This is a guest post by Dilshad A. Ali.
Returning home from any conference, there is a time of decompression and processing, as I am doing at my home in Virginia. I just wrapped up three intense days at the WISE (Women’s Islamic Initiative in Spirituality and Equity) 2009 conference in Kuala Lumpur, Malaysia, couched between four days of exhaustive travel. Jet lag? Don’t get me started.
The reach of this conference was certainly ambitious, and if I can sum it up in one sentence (which is probably doing injustice to the goals of WISE), it was to bring together powerful Muslim women from all over the world to share best practices, network, develop partnerships and learn effective ways to further the causes and improve the situation of Muslim women (through a new scholarly interpretation of sacred text, philanthropic work, leadership, communication and through action).
WISE is the brainchild of ASMA (American Society for Muslim Advancement), run by Daisy Khan, a force of nature and global-thinking leader. I’ve been tracking her career at ASMA for a number of years and watched the WISE initiative grow from an idea to its current formation as an agent of change. But with that wide-reaching, ambitious goals comes inherent challenges and difficulties-especially when you have nearly 200 powerful Muslim women from about 50 countries butting heads (and sharing ideas and thoughts) in the same room.
- The introduction of the WISE portal, a fabulous website (in beta version, but will be live in the next two months I’m told) that will feature WISE projects, information about the developing Muslim Women’s Fund and the WISE Shura council, projects Muslim women are engaging in, training models, and how to reach the “WISE women.”
- Case studies from the “Change through Interpretation” session that reflected some of the amazing work Muslim women are doing to better the live of women through proper scriptural interpretation (about marriage, family life, gender equality).
- Some truly useful skill-building sessions (how to run for political office, how to get your story/organization heard by the media, how to balance work with the rest of life).
And then were the areas needing improvement, which is indicative of these sorts of conference where you are trying to create a global initiative for change. When you’re trying to rally women from around the world around grand ideas and grand goals, it’s a difficult process that begets lots of expectations and ideas on how things should be done. Post-conference feedback was expected by the WISE organizers. But what they additionally got was a signed statement by a number of WISE participants on the last day citing a many concerns and suggestions for change, such as:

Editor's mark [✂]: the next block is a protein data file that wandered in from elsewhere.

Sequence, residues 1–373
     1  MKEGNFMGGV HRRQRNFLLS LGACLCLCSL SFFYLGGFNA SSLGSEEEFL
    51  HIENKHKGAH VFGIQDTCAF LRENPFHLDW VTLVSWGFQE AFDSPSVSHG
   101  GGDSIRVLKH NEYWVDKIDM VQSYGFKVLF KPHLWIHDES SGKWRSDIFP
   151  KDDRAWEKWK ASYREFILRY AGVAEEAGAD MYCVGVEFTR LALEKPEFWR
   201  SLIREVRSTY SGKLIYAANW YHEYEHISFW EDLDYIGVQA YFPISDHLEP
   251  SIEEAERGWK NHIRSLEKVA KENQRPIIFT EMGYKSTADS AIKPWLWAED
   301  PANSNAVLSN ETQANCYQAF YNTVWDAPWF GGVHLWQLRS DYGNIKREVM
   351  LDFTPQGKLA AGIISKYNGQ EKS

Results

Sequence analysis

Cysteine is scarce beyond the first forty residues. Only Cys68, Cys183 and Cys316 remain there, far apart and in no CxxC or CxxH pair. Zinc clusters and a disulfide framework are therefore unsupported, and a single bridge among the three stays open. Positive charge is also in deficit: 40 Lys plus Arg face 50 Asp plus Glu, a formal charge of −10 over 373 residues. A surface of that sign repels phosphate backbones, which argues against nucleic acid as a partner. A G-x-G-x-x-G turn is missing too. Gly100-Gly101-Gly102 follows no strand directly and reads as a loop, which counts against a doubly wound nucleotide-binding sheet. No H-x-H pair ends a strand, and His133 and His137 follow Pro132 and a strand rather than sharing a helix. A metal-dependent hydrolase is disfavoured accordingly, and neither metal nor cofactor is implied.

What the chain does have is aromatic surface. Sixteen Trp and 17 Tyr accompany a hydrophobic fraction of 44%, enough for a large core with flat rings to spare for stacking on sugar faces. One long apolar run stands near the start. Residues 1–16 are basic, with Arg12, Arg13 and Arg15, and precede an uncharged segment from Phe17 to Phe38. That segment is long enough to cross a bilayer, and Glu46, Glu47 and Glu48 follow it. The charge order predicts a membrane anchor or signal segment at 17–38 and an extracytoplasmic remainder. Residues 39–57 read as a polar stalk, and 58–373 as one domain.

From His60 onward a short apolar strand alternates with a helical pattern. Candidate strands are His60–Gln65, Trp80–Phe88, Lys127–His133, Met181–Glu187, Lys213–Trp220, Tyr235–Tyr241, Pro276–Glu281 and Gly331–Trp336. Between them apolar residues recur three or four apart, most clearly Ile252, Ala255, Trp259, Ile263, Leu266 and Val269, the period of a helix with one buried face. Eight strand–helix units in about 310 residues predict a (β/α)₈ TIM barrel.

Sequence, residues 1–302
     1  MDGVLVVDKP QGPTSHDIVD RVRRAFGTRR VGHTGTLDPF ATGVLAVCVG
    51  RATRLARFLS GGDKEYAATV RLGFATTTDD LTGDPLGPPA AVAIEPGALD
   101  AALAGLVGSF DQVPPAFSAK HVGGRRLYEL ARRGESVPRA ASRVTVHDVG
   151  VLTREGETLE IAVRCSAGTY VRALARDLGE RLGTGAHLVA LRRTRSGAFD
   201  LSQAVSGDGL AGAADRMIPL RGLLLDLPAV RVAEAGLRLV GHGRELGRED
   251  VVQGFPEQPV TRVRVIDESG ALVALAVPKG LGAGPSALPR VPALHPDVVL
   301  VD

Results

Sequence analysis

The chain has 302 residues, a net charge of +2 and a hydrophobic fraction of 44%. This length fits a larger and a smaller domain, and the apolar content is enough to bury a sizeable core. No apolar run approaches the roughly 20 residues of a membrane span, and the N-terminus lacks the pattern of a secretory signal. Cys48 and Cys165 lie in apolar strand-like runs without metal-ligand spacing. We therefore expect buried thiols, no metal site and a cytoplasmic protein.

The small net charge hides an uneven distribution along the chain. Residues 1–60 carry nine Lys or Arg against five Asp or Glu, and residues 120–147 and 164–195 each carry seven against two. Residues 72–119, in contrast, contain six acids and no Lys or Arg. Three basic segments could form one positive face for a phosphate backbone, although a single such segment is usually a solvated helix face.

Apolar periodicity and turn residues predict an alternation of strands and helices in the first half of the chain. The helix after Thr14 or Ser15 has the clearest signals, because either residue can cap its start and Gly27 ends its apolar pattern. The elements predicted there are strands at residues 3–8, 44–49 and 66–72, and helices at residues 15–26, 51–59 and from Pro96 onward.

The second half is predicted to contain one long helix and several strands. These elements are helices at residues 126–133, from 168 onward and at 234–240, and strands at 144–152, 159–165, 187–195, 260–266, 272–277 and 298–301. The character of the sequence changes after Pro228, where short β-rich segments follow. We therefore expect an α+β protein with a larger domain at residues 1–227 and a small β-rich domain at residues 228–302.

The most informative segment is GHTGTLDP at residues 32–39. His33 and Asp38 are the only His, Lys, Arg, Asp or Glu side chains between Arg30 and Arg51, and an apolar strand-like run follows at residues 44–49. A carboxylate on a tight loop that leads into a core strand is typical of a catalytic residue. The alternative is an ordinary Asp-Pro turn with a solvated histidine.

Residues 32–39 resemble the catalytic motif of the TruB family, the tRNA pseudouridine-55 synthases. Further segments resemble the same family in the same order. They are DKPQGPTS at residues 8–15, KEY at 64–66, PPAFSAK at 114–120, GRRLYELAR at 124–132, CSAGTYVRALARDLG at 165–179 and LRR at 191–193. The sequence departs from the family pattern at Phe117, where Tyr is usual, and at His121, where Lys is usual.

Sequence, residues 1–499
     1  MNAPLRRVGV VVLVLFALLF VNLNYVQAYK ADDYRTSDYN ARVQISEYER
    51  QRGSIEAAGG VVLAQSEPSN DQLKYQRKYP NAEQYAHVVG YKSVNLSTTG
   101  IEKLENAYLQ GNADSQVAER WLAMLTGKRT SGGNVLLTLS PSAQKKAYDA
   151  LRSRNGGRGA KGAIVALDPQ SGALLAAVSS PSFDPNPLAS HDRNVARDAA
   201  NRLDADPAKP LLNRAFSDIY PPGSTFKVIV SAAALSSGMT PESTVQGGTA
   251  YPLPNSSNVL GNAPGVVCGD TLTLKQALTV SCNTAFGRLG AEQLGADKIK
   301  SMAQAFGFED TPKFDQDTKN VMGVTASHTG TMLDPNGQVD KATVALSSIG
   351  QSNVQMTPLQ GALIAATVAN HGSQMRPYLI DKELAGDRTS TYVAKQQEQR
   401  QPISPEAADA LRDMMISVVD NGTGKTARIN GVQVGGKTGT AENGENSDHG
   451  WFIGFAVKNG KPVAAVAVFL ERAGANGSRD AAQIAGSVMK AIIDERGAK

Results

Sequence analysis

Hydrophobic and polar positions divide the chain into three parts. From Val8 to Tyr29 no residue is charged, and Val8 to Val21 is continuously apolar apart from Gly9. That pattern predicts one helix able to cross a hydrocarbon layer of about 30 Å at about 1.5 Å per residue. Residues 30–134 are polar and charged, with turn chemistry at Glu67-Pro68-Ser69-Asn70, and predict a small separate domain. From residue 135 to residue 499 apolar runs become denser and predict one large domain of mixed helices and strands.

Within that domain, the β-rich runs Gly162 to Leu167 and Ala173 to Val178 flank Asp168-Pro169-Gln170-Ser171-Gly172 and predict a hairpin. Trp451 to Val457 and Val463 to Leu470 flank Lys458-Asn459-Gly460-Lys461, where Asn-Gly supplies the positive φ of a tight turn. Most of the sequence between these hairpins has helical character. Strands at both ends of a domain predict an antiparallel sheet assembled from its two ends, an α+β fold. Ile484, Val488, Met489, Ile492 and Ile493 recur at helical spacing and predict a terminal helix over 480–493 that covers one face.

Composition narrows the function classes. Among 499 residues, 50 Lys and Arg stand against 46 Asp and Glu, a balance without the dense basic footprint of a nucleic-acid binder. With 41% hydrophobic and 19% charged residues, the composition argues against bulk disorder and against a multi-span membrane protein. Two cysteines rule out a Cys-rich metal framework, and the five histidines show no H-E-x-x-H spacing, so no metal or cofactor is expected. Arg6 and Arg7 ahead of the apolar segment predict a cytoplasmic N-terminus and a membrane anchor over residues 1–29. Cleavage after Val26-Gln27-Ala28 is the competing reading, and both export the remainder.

- Greater transparency in all WISE projects, including what the new Shura council would be doing, how they would be doing it, and who would be involved, and how the Muslim Women’s Fund would function (and how money would be generated and disseminated).
- A more diverse representation amongst the makeup of the Shura council and the case studies and panelists at the conference.
- A more thorough vetting of who would be funding the WISE initiative (with some objecting to partial funding provided by the Rockefeller Brothers).
- A more sophisticated, well-planned and organized strategy for agents of change that better incorporated the ideas and criticism of all invited participants.
I also came away from the conference with thoughts of what was great, what was useful, what needed further explanation, what should change, and what could be different. And perhaps if the WISE organizers had built in more time just to explore feedback and criticisms (as well as what worked), some of the participants wouldn’t have felt compelled to put forth a signed statement of concerns.
Looking at the hard work of Daisy Khan and her staff (as well as an incredible group of volunteers), I knew it was hard to hear this list of concerns. The women behind the statement were very respectful and appreciative of all the hard work the WISE organizers had put into the conference, but nevertheless there were some strong concerns.
It’s a delicate balance when you go forth with something of this magnitude involving such powerful women who are dealing with tough issues and are sometimes wary to put their name on something without knowing everything they are getting themselves into. Do you just, at some point, go ahead and do it, or do you seek more and more information and advice and work on perfecting the initiative before launching forth?
I came away learning lots, seeing how Muslim women are improving the situation for themselves in various countries and finding models that may be replicated in other areas. I also came away with a lot of questions and the need for clarification on what I could exactly do to help, and how everything would work. But that’s how it is when you launch an initiative of this magnitude with such huge (but necessary) goals.
WISE wants to help Muslim women help themselves. May Allah (SWT) help this initiative to work in the best way and reach women around the world. As Daisy said to me on the last day, “God does not compete against Himself. If we all want the same goal but have different ideas on how to achieve that goal, we are not competing against each other.”
Dilshad D. Ali is a writer and former editor for Beliefnet, where she wrote a previous article on last year’s WISE conference in New York City. See the official WISE 2009 website for more details.